The one question I’ve never quite been able to answer about Girls is also one of the most crucial: Is the show sharp and self-aware, or oblivious and self-indulgent?
Since Lena Dunham’s brainchild premiered on HBO in 2012, I’ve considered each possibility in just about every other episode. And now, as the show begins its sixth and final season, I’ve come to the conclusion that the answer is — well, both.
When we first met Dunham’s Hannah Horvath, she was an aspiring writer living off her parents’ money, renting a place with her type-A college friend Marnie (Allison Williams) and playing sex games with Adam, a strapping carpenter (the now-ubiquitous Adam Driver) whose instability rivaled her own.
When this final season premieres, Hannah has just published an essay in the New York Times’s Modern Love column — her first work to appear in print — about how Adam and her best friend Jessa (Jemima Kirke) found each other. She quickly leverages that accomplishment, landing reported assignments for feminist blogs across this great wide internet. And after watching her stumble with a stubbornness approaching active determination for so long, seeing Hannah take new steps toward self-improvement — small and stuttering though they are — comes as a relief.
Hannah has always been the embodiment of a very specific kind of person: a 20-something white woman who, though smart, is so absorbed in her own myopic shit that it takes truly seismic events to get through to her. She’s infuriating — a fact Girls is well aware of but indulges with fondness.
For example: In the second episode of season six, Hannah stumbles into an antiques shop and gushes to a woman of color behind the counter (Joy Bryant) that she’s never wanted to “Instagram a stranger” so badly. The woman smiles affectionately, and eventually offers Hannah a tea set on the house.
But as season six reminds us at just about every turn, this is the final season of Girls. Hannah’s story, and those of everyone around her, is building toward a real end, or at least the ending of one stage of life and the beginning of the next (i.e., their 30s). Accordingly, the first three episodes — each written by Dunham — make a point of trying to answer some of the questions that’ve surrounded Girls since the very beginning, like “What does Hannah actually want?” and “Why are these people still friends, anyway?”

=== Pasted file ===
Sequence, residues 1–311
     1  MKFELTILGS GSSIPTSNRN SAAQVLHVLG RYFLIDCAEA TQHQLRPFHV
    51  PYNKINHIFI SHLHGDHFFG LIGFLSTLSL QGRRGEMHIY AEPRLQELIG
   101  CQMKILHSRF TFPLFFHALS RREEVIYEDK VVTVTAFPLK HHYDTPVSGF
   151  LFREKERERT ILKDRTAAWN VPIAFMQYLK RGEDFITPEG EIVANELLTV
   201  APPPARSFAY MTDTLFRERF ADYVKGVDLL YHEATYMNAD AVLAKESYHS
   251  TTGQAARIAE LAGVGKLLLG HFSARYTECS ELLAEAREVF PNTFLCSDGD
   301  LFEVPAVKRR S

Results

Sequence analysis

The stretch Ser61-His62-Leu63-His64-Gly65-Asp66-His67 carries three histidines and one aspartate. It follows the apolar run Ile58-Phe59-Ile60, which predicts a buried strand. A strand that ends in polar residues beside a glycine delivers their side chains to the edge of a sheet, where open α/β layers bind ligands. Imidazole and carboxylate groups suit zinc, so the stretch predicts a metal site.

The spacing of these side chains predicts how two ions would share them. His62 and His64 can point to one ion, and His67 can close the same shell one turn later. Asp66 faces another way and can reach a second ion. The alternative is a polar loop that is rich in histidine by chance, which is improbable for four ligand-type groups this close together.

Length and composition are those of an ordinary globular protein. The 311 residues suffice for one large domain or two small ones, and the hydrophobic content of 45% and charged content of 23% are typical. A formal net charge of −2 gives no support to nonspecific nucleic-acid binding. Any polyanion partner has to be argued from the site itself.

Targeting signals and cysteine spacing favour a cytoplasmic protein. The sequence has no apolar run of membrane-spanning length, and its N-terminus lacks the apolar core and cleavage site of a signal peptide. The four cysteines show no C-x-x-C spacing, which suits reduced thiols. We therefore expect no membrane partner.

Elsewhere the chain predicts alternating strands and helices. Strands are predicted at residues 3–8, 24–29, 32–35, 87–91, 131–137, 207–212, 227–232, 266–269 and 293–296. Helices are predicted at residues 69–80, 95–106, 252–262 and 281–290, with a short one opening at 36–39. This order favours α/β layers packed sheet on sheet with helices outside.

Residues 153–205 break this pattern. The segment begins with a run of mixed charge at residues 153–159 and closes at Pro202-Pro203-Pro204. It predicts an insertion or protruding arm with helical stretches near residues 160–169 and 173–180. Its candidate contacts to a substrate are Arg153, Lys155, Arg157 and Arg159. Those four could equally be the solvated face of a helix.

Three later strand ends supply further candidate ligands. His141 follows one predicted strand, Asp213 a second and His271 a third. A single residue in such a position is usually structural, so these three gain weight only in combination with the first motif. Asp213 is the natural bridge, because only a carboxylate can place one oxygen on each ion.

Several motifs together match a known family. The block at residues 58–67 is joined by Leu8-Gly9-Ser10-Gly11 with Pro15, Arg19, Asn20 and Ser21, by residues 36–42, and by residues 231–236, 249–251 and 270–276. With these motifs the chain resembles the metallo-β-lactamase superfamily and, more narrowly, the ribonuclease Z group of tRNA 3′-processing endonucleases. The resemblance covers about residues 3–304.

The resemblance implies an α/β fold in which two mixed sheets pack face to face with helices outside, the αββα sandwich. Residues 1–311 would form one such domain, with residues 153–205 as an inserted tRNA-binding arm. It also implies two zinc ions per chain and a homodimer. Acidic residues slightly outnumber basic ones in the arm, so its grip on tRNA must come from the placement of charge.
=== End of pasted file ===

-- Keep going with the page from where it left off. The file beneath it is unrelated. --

The final season of Girls calls back to its own history, for better and for worse
Each of season six’s first three episodes contains echoes of moments from earlier in the series. The first, “All I Ever Wanted,” sends Hannah, fresh off her Modern Love victory, to report on an all-female surf camp in the Hamptons — in part because her editor believes that sending a pudgy indoor kid out to surf will inevitably be hilarious.
But Hannah quickly puts her own dysfunctional spin on the adventure, flirting with the earnest surf instructor (The Night Of’s Riz Ahmed), slurping five too many alcoholic smoothies, and eventually letting herself relax enough to drink lukewarm beer on the beach with her temporary new boyfriend. Watching her take a deep breath on a salty shore feels like the inverse of the season one finale, when a forlorn Hannah ate the world’s saddest piece of cake at Coney Island.
At 42 minutes, “All I Ever Wanted” — directed by Dunham — feels more like a short film than a season premiere. But that’s not altogether unusual for Girls, which has been more and more willing to break with its episodic format as it’s aged, as it did in the stunning season five chapter “The Panic in Central Park.”